Federal Judge Nixes Grizzly Bear Hunts for Good

MISSOULA, Mont. (CN) — Restoring protections to grizzly bears near Yellowstone National Park, a federal judge on Monday rescinded a 2017 rule by the Trump administration that allowed hunting of the endangered species outside of the park.

The U.S. Fish and Wildlife Service made the change in June 2017, effectively separating grizzly bears in the the Yellowstone ecosystem from the Northern Continental Divide Ecosystem bear populations, saying that the bears in and around Yellowstone had been recovered and no longer warranted protections under the Endangered Species Act. The bears are listed as a threatened species in the lower 48 states.

After the rule appeared in the Federal Register, Montana, Wyoming and Idaho — three states surrounding Yellowstone National Park — deemed that a grizzly bear hunting season could be opened under a discretionary mortality quota, which takes into account bears that are killed in human-related events, such as traffic accidents.

Wyoming and Idaho scheduled bear hunts for this fall, while Montana declined to pursue a hunting season on the grizzlies that come out of Yellowstone National Park. Wyoming planned to allow up to 23 bears to be killed, while Idaho allowed one permit for a male grizzly.

Lawsuits quickly followed, with nearly two dozen plaintiffs intervening in the effort to restore Endangered Species Act protections. The Crow Indian Tribe is the lead plaintiff.

Two days before the first hunting season, Chief U.S. District Judge Dana Christensen granted an 11th hour reprieve following an Aug. 30 hearing in Missoula.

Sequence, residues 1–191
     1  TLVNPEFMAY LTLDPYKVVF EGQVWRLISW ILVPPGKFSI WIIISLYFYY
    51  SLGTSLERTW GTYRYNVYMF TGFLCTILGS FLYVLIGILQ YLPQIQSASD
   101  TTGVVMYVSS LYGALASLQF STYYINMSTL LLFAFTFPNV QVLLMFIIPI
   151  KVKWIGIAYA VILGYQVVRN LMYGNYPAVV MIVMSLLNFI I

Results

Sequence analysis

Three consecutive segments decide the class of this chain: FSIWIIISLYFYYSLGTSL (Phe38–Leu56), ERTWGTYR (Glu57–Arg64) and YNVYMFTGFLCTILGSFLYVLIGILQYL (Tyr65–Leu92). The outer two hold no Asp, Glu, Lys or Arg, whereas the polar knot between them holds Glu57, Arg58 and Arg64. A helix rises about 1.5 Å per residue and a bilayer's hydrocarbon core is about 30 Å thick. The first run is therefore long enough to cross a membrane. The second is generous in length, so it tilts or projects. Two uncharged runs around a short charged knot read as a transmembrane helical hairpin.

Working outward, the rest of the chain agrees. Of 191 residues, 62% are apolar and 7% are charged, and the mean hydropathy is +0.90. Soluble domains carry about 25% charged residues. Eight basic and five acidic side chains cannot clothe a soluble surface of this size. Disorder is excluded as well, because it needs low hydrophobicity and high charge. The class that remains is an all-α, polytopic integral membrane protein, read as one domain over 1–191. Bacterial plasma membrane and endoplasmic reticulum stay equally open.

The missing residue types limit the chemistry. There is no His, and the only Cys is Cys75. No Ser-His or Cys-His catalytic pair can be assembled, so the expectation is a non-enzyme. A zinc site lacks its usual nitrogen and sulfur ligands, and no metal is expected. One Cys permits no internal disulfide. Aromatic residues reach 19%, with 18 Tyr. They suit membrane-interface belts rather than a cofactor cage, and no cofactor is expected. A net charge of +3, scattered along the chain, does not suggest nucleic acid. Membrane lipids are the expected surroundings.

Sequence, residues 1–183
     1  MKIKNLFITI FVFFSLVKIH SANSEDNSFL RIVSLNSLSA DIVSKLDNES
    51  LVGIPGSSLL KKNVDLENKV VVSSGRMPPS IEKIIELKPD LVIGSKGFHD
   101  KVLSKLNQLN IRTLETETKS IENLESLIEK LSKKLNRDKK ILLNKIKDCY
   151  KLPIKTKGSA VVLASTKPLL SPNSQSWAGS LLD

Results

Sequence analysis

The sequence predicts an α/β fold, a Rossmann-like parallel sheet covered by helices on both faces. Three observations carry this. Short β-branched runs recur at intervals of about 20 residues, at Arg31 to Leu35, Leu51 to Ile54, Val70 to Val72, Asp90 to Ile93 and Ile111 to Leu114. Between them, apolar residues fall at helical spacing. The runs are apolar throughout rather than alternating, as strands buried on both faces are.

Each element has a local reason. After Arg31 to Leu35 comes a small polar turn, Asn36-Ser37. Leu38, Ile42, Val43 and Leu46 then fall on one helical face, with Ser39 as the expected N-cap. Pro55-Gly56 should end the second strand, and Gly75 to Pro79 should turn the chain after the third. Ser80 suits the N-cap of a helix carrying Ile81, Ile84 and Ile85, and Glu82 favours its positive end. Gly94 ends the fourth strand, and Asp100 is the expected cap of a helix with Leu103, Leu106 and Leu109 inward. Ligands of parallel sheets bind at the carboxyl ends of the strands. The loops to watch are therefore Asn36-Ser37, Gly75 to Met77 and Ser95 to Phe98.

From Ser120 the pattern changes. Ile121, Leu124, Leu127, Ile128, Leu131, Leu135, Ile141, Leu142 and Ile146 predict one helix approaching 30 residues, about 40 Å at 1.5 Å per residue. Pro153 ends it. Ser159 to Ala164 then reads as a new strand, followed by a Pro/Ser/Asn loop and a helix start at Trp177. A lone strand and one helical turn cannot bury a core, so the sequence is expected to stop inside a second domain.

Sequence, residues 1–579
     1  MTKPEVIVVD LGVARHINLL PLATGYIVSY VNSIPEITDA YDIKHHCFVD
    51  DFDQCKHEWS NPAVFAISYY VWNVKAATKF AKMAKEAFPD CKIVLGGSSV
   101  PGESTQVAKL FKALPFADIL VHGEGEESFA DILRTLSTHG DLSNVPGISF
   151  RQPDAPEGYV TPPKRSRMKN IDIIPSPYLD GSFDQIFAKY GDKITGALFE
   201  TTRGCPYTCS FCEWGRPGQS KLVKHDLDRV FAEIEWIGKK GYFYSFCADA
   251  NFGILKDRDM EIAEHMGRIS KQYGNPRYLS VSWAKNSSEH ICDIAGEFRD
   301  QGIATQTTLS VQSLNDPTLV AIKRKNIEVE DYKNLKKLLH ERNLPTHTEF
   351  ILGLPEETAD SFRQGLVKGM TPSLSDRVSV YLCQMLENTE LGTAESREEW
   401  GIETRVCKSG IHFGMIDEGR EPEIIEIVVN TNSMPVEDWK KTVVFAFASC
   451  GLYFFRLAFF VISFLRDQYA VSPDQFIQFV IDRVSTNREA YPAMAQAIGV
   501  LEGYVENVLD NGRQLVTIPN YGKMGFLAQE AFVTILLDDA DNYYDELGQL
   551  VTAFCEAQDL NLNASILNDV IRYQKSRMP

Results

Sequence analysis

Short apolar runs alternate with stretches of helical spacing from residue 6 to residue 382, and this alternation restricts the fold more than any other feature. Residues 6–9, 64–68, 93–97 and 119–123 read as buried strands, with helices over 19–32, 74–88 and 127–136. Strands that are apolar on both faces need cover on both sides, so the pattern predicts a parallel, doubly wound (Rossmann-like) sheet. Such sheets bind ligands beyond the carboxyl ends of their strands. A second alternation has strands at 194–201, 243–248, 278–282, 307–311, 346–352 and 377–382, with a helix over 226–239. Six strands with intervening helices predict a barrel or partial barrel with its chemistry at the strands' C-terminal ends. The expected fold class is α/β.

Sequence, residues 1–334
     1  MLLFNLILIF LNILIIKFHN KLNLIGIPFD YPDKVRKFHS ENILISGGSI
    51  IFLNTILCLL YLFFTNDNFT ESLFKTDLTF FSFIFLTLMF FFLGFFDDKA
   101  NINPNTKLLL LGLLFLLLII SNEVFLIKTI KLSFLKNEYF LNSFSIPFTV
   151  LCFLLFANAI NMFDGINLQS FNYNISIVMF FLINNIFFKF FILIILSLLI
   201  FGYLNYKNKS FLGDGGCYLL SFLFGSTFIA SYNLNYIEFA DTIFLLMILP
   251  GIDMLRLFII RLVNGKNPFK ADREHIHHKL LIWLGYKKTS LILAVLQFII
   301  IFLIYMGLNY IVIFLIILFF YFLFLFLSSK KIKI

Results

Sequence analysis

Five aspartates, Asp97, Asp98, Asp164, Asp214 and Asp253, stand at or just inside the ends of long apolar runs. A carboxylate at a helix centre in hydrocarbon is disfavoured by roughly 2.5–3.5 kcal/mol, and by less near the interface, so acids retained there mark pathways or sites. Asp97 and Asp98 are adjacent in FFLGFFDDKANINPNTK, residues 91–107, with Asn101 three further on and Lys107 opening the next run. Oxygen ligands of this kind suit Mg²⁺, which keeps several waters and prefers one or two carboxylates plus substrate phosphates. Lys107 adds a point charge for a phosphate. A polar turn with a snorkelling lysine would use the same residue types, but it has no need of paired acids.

Christensen signed another injunction Sept. 13 to stop the hunts, but that was the plaintiffs’ last chance under this suit, as only two injunctions are allowed.

Late Monday afternoon, he vacated the rule change.

Grizzly bears were listed as threatened under the Endangered Species Act in 1975, two years after Congress enacted the law. While 37 separate grizzly populations were identified in the contiguous United States in 1922, only six populations remained in 1975, according to Christensen’s order. The Greater Yellowstone Ecosystem, covering portions of Wyoming, Montana and Idaho, was home to one of the largest grizzly populations. In 1975, there were between 136 and 312 bears estimated in the Greater Yellowstone Ecosystem.

There are now about 700 bears in Yellowstone.

“Although this order may have impacts throughout grizzly country and beyond, this case is not about the ethics of hunting, and it is not about solving human- or livestock-grizzly conflicts as a practical or philosophical matter,” Christensen wrote in his Monday order. “These issues are not before the court. This court’s review, constrained by the Constitution and the laws enacted by Congress, is limited to answering a yes-or-no question: Did the United States Fish and Wildlife Service exceed its legal authority when it delisted the Greater Yellowstone grizzly bear?”

Christensen found that it did.

The judge wrote that “delisting the Greater Yellowstone grizzly without analyzing how delisting would affect the remaining members of the Lower-48 grizzly designation, the Service failed to consider how reduced protections in the Greater Yellowstone Ecosystem would impact the other grizzly populations.”

Focusing on two of the many challenges brought on behalf of the grizzlies, Christensen found that the delisting would have a negative effect on the remaining grizzly bear populations in the Northern Rockies ecosystem, and that the service acted “arbitrarily and capriciously” in its delisting.